The context of the image of the beast passage (Rev 13:14-15) is a counterfeit trinity, made up of the dragon (beginning with Rev 12:4), the beast from the sea (beginning with 13:1), and the beast from the earth (beginning with 13:11). The dragon is a parody of God the Father. The sea beast is a parody of Jesus Christ, who looks like the dragon (Rev 13:1; John 14:9), receives authority from the dragon (Rev 13:2; Matt 28:18), has a “ministry” that lasts for 42 months (Rev 13:5), and undergoes a death and resurrection like that of Jesus (Rev 13:3, 8). The beast from the earth is a parody of the Holy Spirit, who speaks not about himself (John 16:13), brings fire down from heaven (Acts 2), and brings life to the image of the beast. In the context of Revelation 13, this counterfeit trinity has set itself up as an alternative to the God of Revelation in the end-time battle between the dragon and the remnant (Rev 12:17). The formation of the image of the beast is the crucial development in the counterfeit trinity’s war with the saints and the God they worship (Rev 13:5-7).
Within chapter 13 itself, there are three themes that come together in the image of the beast. One major theme of the chapter is that of beasts, the chapter begins with a beast (13:1) and ends with a beast (13:18), making an envelope structure surrounding the rise of the two beasts from the sea and the earth. The concept of sea and land monsters has a long background in the OT and early Jewish literature, particularly Daniel 7, which is clearly alluded to in the rise of the sea beast. Another theme of chapter thirteen is worship; five times the inhabitants of the world are urged to worship the dragon, the sea beast or the image of the beast (13:4, 8, 12, 15). That call to worship becomes the decisive event of the conflict. Another theme in chapter 13, already explored, is image-making. The Bible starts (Gen 1:26-27) and ends (Rev 13:14-15) with the making of an image. The ideas of beast, worship and image-making all come together in the image of the beast figure.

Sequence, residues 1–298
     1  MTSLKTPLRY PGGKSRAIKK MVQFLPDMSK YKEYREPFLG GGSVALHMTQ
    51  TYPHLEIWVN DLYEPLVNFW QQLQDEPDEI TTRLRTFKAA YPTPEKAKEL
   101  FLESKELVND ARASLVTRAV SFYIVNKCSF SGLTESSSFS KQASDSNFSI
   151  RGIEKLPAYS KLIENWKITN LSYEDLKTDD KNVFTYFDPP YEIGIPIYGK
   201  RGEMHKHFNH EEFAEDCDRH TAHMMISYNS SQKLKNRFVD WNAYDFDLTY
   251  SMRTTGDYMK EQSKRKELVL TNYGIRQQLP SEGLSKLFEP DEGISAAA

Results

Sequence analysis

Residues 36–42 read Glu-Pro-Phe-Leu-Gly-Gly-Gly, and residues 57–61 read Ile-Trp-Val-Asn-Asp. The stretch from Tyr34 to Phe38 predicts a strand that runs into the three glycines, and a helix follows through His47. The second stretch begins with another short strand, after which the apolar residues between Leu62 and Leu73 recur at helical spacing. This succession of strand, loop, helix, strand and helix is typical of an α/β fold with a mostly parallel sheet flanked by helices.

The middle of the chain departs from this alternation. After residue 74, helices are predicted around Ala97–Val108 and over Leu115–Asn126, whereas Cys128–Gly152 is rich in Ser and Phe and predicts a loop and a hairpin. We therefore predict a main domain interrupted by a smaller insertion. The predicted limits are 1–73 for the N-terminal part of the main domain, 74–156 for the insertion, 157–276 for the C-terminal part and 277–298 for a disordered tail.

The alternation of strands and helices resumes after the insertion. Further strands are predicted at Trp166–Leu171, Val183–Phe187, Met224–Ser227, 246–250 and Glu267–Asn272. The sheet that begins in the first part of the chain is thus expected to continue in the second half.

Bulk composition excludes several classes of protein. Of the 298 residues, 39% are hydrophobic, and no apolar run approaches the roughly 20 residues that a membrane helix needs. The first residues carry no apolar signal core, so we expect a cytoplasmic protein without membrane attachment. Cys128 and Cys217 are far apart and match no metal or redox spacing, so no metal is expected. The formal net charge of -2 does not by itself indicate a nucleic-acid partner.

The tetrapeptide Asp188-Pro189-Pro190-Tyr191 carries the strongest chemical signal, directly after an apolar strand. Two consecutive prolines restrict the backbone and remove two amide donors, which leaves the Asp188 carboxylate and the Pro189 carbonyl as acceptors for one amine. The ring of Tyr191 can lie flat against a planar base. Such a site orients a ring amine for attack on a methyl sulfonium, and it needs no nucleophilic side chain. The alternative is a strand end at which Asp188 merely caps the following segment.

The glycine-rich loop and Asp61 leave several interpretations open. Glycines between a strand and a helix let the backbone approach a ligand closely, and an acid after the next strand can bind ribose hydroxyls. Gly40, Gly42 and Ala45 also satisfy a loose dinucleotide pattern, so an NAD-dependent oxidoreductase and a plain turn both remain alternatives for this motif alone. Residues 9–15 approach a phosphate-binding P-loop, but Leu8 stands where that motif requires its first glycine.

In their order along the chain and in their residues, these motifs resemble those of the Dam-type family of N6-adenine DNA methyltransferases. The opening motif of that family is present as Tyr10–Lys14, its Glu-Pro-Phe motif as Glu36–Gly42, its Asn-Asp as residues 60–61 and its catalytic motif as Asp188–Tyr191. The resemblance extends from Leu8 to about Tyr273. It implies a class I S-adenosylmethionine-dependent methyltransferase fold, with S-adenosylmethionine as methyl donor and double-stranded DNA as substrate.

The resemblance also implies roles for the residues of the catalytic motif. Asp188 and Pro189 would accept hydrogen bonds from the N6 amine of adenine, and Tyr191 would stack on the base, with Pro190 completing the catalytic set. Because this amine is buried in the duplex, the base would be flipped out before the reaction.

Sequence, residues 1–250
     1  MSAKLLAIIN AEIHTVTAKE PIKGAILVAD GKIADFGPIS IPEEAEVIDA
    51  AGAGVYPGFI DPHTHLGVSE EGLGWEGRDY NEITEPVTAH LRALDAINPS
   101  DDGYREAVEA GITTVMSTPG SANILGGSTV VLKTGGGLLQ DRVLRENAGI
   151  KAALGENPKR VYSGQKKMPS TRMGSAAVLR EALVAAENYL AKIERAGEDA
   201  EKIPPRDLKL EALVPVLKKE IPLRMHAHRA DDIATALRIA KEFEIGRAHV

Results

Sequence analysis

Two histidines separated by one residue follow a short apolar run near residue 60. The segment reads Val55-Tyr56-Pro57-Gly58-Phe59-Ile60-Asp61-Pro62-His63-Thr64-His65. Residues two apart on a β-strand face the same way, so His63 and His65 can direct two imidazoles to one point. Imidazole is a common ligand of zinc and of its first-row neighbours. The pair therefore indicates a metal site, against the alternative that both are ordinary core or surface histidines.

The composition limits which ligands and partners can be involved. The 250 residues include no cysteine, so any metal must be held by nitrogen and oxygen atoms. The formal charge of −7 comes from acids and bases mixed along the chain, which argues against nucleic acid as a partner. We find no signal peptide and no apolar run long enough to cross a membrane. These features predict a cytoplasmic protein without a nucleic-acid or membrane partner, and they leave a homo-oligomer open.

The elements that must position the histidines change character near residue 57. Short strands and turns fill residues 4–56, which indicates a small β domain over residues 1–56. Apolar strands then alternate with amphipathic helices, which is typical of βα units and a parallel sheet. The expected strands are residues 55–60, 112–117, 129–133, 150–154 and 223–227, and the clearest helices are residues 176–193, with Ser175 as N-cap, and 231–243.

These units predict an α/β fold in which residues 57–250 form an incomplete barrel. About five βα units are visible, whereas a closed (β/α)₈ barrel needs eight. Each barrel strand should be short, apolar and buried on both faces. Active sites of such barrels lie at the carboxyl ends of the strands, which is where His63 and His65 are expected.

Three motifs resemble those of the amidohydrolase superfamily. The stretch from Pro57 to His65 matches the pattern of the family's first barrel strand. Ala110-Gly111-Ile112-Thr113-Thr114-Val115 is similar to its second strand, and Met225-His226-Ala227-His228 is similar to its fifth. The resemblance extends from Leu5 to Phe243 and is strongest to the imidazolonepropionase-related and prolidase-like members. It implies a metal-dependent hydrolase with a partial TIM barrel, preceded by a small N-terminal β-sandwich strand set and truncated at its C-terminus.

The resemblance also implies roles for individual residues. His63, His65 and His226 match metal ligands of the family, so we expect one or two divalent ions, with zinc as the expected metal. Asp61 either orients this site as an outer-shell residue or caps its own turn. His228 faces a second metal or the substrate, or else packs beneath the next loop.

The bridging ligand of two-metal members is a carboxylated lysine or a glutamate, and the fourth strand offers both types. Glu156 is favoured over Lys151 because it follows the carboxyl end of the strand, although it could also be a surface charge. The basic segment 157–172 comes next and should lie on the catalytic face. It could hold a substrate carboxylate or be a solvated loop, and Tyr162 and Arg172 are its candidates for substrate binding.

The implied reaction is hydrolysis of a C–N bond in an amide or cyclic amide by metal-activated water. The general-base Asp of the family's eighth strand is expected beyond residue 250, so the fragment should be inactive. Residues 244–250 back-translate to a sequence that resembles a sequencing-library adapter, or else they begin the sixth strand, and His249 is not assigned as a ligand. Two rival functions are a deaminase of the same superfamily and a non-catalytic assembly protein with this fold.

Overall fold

When one explores the allusions to biblical texts in Revelation 13:14-15, the allusion to Genesis 1 has already been mentioned. But to that one needs to add Genesis 2. Giving breath to the image of the beast (13:15) recalls the creation of Adam in the Garden (Gen 2:7). The allusion is particularly strong in the Aramaic translation of Genesis 2:7, where the breath of life becomes in Adam a spirit capable of speech. Another allusion in Revelation 13:14-15 is to Isaiah 40:18-20. That passage extols the uniqueness of God in contrast with the nothingness of idols. The beasts parody that claim, but the author of Revelation suggests that because of the beasts unlikeness to God, the image of the beast project is doomed to fail from the start. A third powerful allusion is to Daniel 3. The demand for worship of the image of the beast is modeled on Nebuchadnezzar’s call to worship his image, on pain of death. Finally, the language of Revelation 13:14-15 parallels that of Acts 2:2-6. The bestowing of breath (spirit) on the image of the beast recalls the outpouring of the spirit (fire from heaven—13:14) on the disciples at Pentecost. A counterfeit spiritual revival falls on those who worship the image of the beast.
This coming together of images from the entire Bible paints a picture of the image of the beast as an end-time attempt to undermine God’s plan to reverse the consequences of the Fall by restoring the image of God in human beings. God’s plan is not only resisted by the beasts, they offer a counterfeit image and a counterfeit Pentecost to deceive the world into thinking they are the true God and the true objects of worship. What is not obvious, on the basis of the Bible alone, is how big a role the theme of idol-making played in the ancient world. The next part of Rebekah Liu’s third chapter turns to the evidence for idol-making in the ancient Mediterranean world.